The delicious locally grown and milled flour I'm fortunate to have access to!

Whole Wheat Sourdough Bread (makes 1 loaf)
(based on the recipe for sourdough loaf in The Tassajara Bread Book) 


-1/2 cup sourdough starter
-2-4 cups whole wheat flour
-2-3 cups white, unbleached flour
-2 cups warm water
-1/4 c neutral oil
-1/2 T salt
-optional add ins, 1 cup sunflower seeds, 2 T sesame seeds, 1/2 c raisins, 1/2 c chopped dates, 1/4 c ground flax seed etc.

Other necessities:
-large, plastic or ceramic mixing bowl, I’ve read that metal will interact badly with the yeast
-wooden or plastic spoon (again, avoid metal)
-cheesecloth or other covering for your bowl
-baking sheet

Please let me know how yours turns out if you follow my recipe. Or, if you have a recipe you love- leave a comment and let me know, I always learn so much from trying out new recipes!

Happy kneading.

Read the rest of this entry »

Our Easter celebration last weekend consisted of brunch at M’s grandmother’s with his family. The spread included delicious asparagus, bagels with cream cheese (even a vegan cream cheese!), a fresh salad and lots of fruit options. We opted to bring some homemade english muffins, a baking adventure which I had never embarked on. Obsessed with my new sourdough starter I was determined to find a recipe that would only rely on sourdough to get the muffins rising, and I found rave reviews about the recipe over on The Fresh Loaf. And let me tell you- this recipe was per-fect. Don’t make them alone, you won’t be able to resist feeding someone cute a warm, crisp english muffin right off the pan!

I made a batch and a half and cut out the muffins using the screw lid of a mason jar. We made our muffins purposefully small, knowing we’d be adding them to a buffet of goodies, and we ended up with about 2 dozen 2″-diameter beauties. You can see them rising in the picture above. It was a pretty quick recipe to whip up, really only relying on the starter to give them a boost. They didn’t rise all that much during their time on the table, but once they were in the pan they popped right up with a delightful springy-ness.

The english muffins in the hot skillet, fresh from their rising

3-4 minutes later they have popped right up, and are flipped to brown on the other side.

I followed the recipe exactly, substituting almond milk for the dairy and setting the disks to rise on semolina flour. I also used about 3/4 whole wheat flour and 1/4 white flour which made them very hearty but, fortunately, didn’t impact their ability to rise at all. We found them to have perfect nooks and crannies excellent for holding jam or other toppings.

I whipped up a quick jam using local peaches canned last summer, some frozen strawberries picked last summer, orange zest and about a tablespoon of honey. They went over well with friends and family alike, and also helped to slow my ever-growing starter. Now I’m convinced we can use sourdough to make any yeasted recipe! Ours imparts a very, very slight tang, which makes it wonderfully versatile. I’m looking forward to sourdough pizza crust, bagels and cinnamon rolls, once this semester finally ends!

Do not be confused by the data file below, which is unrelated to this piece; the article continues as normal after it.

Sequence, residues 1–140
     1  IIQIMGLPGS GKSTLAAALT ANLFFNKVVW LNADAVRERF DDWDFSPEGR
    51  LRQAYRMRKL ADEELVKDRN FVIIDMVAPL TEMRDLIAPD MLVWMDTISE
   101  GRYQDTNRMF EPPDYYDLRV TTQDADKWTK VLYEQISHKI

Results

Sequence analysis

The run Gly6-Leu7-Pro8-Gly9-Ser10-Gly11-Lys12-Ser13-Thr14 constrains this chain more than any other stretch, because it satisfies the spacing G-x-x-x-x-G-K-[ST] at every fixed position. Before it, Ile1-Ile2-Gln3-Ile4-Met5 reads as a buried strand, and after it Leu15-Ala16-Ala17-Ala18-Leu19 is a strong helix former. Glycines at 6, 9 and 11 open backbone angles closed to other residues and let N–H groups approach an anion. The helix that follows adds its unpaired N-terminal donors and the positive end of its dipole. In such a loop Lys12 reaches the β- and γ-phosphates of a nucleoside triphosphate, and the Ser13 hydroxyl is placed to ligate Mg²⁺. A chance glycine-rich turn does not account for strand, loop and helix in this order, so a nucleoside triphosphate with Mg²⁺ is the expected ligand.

Happy rising!

Flax Seeds Two Ways

April 9, 2012

What do vegetable fritters and hair gel have in common? In our house- flax seeds!


We received a delicious box from Valley Green Feast on Friday full of beautiful produce, some locally milled and grown flour and Massachusetts cranberries. We’ve reached a tough point in the year for local foodies, spring hasn’t quite sprung and winter storage crops are running low. However, our box was full of some regional items, including a few summer squashes and some parsley. I had heard of squash fritters but never made them myself, convinced they needed to be half vegetable half egg in order to successfully bind together. A post over at My Garden Grows changed my mind with the brilliant use of ground flax seeds as the binding agent.

We used VGF parsley, squash and flour, and frozen peppers and corn from last summer. The fritters were fried up in coconut oil and were incredibly fresh and crisp tasting, making me look forward to spring and summer crops rolling in!


Any vegan baker worth her salt knows the unbelievable gelling capabilities of those innocent little flax seeds. Not only do they work to bind fritters, they make a delicious addition to any dessert in need of an egg that won’t suffer from their slightly nutty, health-food taste. And, amazingly, flax seed gel makes a fantastic hair gel. I have been transitioning from using store-bought personal and cleaning supplies since last summer and have thus far ticked shampoo, conditioner, deodorant and toothpaste off my list. Laundry detergent and hand soap are up next.

Until recently, however, I was using apple cider vinegar to clean my hair, but relying on a bizarre, bright blue, store-bought hair gel to keep everything in place. I ran across flax seed hair gel when reading up on Diy Natural about homemade hairspray. My hair ranges from relatively curly on a good day to moderately wavy every other day, and is known to frizz in even the slightest humidity. The homemade hairspray recipe in the DIY Natural database didn’t quite pack the staying power I need from my hair products, but a reviewer left a comment referencing flax seed hair gel. My curiosity got the best of me, and I found a multitude of recipes using everything from pantyhose to cheesecloth, tea balls and sieves to separate the flax seeds from their gel.


I’ve made this gel a few times now, following different instructions each time trying to determine which would work best for me. Here’s my current method, although I’m sure it will change slightly each time I make it. Let me know if you find a simpler or more effective way to make this product!

Homemade Flax Seed Hair Gel

You Will Need:
-1/4 c. flax seeds
-1.5 cups water
-small jar to hold gel
-fine mesh sieve
-bowl your sieve can sit in without touching the bottom (see set up above)
-small sauce pan to boil water in

Happy hair and happy spring.

Read the rest of this entry »